The Worm

He saw the worm, exposed to the hot sun and dry air, and felt pity. “Worm–my friend–are you alright?”

“No!  I have been forcefully removed from my environment.  All I ever wanted was to live untill I was old enough to produce children.  But I was torn away from my home, and now I will die here, childless and

The man furrowed his brow.  “That doesn’t sound fair at all.”  

After hesitating a moment, for which he immediately felt guilty, he softened his countenance and said, “come, enter into me and you will have a new home.  Drink my body fluids, let their nutrients nourish you.  Live in me and you will grow enough to produce children.”

“How different you are from other men!  Most hate me and oppress me.”

“Yes, I suppose am indeed kind.”  The man thought about the shameful selfishness of other men, and shook his head solemnly.  He himself, he concluded, must simply have a more developed sense of what’s right than them, though it probably wasn’t their fault.  

“But also,” he added, after realizing a better reason for lodging the worm, “I am sure we will become great friends, and I am sure that one day you and your children will grow strong enough to return the favor!”

“Of course!  You are very wise for knowing this.”

Weeks passed, and though the man was pleased with his newfound purpose, and would often tell the other men about his worm friend and how much he was helping him, he could eventually no longer ignore the growing hunger and sickness he felt in his body.

“Worm, it seems to me that much of my food–very much, lately–is not being used by my body.”  He searched carefully for the right words to use so as to not offend his poor guest.  “Would you happen to know
anything about that?”

“In fact I do.  Frankly, I’m a bit concerned that it took you this long to ask.  You see, even though you claim to want to help me, your body is actively fighting me.  This is exactly the same oppression that I have endured from other men.  Perhaps you are just like them: concerned only with food, and not doing what’s right.  You have so much food here in your stomach, do you really think you need it all?”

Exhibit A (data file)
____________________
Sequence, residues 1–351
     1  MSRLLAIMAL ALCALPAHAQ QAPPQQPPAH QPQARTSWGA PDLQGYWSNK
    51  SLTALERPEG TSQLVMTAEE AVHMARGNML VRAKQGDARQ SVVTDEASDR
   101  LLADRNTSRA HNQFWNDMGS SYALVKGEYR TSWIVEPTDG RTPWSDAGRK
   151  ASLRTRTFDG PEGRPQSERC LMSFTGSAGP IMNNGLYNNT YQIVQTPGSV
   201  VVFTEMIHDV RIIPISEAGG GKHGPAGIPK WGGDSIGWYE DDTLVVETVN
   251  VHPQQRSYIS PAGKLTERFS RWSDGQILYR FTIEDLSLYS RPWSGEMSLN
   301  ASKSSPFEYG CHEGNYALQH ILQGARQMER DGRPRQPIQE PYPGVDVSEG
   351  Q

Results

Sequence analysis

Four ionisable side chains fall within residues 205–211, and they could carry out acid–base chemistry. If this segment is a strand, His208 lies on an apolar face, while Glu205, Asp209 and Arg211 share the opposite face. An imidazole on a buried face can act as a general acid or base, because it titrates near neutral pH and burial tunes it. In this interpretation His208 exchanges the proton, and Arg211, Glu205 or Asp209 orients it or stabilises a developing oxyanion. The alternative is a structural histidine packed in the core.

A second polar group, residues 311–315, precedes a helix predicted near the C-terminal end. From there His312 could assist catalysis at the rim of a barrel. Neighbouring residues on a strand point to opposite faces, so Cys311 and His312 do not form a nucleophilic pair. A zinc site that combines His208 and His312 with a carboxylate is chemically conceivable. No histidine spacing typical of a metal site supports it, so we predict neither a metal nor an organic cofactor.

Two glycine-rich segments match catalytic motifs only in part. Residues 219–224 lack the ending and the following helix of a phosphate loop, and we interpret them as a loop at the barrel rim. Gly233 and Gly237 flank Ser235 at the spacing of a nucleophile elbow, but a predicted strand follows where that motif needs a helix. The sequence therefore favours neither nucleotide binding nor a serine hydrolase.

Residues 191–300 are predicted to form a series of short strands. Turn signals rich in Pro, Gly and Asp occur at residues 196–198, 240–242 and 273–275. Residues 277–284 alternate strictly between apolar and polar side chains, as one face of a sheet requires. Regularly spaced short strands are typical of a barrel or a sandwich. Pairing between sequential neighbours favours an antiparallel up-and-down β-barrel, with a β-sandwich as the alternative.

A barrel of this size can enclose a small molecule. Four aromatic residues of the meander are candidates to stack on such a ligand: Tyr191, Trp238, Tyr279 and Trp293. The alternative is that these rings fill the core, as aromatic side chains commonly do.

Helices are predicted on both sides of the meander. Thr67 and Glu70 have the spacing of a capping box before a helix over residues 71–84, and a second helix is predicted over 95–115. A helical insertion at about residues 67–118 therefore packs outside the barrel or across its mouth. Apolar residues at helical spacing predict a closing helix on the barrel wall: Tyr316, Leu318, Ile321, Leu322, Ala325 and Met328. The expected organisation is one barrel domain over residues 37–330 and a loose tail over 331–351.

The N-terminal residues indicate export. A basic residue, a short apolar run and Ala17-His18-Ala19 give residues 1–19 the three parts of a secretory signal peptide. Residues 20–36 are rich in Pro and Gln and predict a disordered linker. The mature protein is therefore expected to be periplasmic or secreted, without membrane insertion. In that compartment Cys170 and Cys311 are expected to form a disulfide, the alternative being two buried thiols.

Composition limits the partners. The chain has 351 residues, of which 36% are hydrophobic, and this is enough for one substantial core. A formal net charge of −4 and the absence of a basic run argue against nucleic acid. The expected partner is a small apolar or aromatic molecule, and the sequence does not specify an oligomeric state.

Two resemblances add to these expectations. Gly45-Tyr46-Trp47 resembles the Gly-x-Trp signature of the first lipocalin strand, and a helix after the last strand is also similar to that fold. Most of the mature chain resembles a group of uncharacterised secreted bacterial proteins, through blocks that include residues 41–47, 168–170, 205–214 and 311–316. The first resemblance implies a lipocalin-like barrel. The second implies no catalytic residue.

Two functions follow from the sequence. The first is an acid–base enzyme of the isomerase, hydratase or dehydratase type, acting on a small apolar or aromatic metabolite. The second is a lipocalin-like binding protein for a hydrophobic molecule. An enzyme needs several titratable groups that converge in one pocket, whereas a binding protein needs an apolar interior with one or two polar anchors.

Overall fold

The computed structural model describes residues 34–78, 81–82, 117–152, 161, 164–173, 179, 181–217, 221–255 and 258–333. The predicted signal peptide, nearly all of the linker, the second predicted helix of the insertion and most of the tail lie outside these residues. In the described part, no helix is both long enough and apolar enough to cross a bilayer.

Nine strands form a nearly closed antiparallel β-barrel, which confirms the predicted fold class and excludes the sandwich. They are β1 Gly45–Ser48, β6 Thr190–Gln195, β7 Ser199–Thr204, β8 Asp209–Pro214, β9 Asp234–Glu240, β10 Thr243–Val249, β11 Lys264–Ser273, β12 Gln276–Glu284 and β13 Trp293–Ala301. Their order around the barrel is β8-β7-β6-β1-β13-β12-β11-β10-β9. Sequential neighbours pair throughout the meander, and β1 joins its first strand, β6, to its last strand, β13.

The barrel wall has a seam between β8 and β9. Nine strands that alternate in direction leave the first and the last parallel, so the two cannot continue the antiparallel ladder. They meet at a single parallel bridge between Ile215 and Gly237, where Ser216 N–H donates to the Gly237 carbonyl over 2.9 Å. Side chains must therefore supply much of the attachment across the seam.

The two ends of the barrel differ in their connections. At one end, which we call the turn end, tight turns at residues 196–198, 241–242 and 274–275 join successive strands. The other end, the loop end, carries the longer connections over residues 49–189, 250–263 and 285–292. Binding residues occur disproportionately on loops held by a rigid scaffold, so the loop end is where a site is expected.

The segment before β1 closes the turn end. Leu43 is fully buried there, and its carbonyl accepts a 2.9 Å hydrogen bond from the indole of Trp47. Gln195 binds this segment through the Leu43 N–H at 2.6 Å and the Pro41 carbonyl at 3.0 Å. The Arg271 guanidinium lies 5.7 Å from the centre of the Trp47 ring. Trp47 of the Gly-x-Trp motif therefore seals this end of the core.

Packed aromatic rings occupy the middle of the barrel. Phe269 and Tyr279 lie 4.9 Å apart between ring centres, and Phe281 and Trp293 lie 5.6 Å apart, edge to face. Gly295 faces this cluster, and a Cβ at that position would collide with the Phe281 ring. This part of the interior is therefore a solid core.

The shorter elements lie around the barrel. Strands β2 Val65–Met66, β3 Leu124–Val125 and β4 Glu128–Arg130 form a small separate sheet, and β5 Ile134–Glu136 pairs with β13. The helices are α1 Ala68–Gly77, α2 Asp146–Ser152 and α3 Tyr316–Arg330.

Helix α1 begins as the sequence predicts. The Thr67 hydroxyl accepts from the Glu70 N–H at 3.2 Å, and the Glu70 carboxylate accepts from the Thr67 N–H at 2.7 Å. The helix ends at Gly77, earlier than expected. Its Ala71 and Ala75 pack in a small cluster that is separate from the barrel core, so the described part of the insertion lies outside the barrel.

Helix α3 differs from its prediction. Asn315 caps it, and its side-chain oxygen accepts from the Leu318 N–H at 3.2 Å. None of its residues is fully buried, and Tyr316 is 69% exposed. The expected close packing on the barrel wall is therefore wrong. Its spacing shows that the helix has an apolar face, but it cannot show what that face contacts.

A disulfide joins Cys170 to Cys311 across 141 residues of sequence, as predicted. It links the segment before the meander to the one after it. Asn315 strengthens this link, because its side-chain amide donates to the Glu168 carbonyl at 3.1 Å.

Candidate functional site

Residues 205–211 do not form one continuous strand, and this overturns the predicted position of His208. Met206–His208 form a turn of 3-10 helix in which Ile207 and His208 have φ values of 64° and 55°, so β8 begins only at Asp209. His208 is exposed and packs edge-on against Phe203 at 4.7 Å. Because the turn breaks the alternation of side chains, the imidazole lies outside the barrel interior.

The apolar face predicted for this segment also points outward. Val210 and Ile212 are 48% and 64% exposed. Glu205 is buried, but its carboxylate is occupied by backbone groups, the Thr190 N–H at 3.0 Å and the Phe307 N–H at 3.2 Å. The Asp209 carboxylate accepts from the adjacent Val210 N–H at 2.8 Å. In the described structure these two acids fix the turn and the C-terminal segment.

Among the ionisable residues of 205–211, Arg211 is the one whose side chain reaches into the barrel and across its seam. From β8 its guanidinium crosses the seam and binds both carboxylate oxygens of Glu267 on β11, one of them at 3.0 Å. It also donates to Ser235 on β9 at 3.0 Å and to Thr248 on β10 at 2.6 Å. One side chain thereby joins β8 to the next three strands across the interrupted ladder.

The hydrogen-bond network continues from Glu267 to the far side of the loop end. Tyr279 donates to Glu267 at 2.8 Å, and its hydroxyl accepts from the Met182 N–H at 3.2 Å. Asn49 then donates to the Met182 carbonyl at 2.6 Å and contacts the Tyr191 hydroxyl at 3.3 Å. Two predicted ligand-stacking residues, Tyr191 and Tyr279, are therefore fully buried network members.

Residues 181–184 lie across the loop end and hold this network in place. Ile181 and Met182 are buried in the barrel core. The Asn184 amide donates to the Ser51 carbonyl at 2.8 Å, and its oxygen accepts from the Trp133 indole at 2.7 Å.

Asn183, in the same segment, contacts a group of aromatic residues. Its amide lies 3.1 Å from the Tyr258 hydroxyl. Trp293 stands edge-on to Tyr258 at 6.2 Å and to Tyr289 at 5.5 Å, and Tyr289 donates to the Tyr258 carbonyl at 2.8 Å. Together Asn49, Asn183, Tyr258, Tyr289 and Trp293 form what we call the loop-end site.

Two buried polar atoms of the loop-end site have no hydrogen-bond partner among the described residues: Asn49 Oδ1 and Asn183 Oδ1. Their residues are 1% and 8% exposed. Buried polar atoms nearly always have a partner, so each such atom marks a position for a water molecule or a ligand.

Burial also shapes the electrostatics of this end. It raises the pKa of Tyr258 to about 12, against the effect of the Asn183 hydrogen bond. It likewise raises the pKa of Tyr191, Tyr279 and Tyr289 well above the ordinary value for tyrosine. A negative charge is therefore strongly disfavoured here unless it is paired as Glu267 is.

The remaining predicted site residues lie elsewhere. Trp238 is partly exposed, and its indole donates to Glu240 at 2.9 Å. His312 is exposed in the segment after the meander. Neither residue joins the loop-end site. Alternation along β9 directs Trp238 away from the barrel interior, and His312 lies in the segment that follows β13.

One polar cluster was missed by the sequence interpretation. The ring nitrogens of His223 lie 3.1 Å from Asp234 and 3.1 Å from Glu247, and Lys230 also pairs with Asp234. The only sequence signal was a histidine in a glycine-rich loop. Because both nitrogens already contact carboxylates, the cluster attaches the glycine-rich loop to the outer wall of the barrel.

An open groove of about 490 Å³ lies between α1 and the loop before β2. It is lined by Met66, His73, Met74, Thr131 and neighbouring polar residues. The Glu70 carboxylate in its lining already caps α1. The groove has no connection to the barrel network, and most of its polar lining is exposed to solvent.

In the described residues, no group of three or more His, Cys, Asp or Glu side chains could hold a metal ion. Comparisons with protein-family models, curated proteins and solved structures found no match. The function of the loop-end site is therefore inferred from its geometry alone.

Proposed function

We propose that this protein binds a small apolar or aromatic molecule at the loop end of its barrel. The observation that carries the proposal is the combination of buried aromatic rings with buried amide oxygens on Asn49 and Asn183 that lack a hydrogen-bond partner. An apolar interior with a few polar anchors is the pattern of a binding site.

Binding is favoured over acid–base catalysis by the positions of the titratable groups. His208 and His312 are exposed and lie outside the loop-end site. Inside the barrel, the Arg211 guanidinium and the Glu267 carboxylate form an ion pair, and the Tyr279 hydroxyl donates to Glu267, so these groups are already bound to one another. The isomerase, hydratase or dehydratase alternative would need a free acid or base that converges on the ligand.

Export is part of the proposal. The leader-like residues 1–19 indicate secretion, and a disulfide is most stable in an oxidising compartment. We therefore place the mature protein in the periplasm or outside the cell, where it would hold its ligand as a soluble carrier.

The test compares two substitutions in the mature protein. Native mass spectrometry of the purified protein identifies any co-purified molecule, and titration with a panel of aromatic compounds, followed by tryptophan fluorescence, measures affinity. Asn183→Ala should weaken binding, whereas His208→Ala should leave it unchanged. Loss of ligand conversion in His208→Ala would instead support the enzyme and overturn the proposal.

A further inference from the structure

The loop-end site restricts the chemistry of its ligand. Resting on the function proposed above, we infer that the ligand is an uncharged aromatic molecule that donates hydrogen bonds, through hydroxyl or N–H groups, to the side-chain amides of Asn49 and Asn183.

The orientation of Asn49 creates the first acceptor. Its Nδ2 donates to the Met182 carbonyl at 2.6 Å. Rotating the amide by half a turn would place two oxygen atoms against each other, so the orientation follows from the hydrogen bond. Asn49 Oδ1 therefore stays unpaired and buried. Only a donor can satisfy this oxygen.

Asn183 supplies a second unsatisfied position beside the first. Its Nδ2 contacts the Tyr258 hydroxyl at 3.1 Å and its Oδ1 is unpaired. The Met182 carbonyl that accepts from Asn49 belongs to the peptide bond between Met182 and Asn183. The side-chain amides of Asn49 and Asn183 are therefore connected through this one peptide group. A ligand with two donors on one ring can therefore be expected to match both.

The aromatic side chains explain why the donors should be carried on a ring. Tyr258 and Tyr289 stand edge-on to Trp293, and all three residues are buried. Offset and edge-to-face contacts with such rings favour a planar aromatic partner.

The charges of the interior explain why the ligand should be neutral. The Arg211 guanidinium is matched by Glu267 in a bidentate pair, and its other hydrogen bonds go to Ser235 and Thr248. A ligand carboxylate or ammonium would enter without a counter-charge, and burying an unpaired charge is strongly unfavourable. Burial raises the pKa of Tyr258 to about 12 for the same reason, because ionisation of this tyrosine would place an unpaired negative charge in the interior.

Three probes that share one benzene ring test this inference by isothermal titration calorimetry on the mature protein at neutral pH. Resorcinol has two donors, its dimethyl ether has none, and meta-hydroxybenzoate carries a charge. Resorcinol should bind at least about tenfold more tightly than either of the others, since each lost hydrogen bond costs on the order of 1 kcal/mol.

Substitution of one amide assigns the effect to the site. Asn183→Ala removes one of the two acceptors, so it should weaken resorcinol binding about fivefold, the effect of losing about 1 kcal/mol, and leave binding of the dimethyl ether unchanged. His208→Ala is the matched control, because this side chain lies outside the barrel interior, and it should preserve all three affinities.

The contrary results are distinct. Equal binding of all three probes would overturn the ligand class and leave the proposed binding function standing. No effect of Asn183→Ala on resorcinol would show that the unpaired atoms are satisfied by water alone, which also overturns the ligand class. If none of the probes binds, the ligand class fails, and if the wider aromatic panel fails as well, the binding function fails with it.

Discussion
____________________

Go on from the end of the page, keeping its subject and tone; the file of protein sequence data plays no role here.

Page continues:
The man was moved.  “I deserve this sick feeling, for being so greedy. I give you my word, I will investigate this injustice that is being done to you.  When I find the organ in my body that hurts you, I will cut it out.”

“Such a novel, forward-thinking promise you have made!”

The man was pleased.  But with passing time his sickness grew, and no quantity of food could satiate.  So at last, left with no other option, he planted himself in his cellar, and ate.  Feces accumulated below him, but still he ate.  “I must not fail my friend.  I must not be an oppressive man.”

“Then you must try harder,” scolded the worm.  “Your body is failing and can no longer provide me with what I need.  I suspect this whole arrangement was a plot from the very beginning.  You have tricked me. You are the worst kind of oppressor, because you lied to me.  I have a right to nutrition, and despite your empty bloviation, I have not been given enough.  Though I must now die, I dream and hope that my 27,000 children will each one day hatch and find a righteous man who truly believes in worm rights.  Until that day, and even beyond it, I will curse you from the depths of worm hell.”

Tears poured down the man’s rotting emaciated cheeks.  “Please… please forgive me,” were his last words.

7 thoughts on “The Worm”

  1. What a revolting tale.
    I can only hope that you – like Jesus – have spoken unto us in parables.

    Here’s one of mine…
    There was a road, in a beautiful forest, upon which were five-acre lots.
    These lots, for the most part, were bought by people who could not afford to buy them. People who borrowed to buy, then to build, for the purpose of allowing in renters to pay their loans off, for them, while “their” properties accrued in value.
    Since the renters did not own these lots and these houses, they did not behave as those who did own theirs.
    They cut down the trees, trashed the houses, dumped garbage and old vehicles, bore countless offspring, who screamed insanely throughout the days.
    In the nights, they drank alcohol, took drugs, shot at each other, and could not be reasoned with.
    The beautiful forested road became a rural version of an inner-city ghetto, complete with food-banks, second-hand depots, and crack-houses.
    Ah, I will stop there: the parable is becoming ugly…

    My only defense against any of this is to become uber-tolerant, as opposed to the kind of tolerance claimed by those to whom I must now extend tolerance.
    If anyone has a better idea, I am all ears.

  2. This little fable has something of the memory-hook quality of Animal Farm. You might want to forget it, but you can’t…

    But it is worth noting that without a transcendental perspective on the meaning and purpose of life, all possible fables are (at root) horrible stories about who is eating whom.

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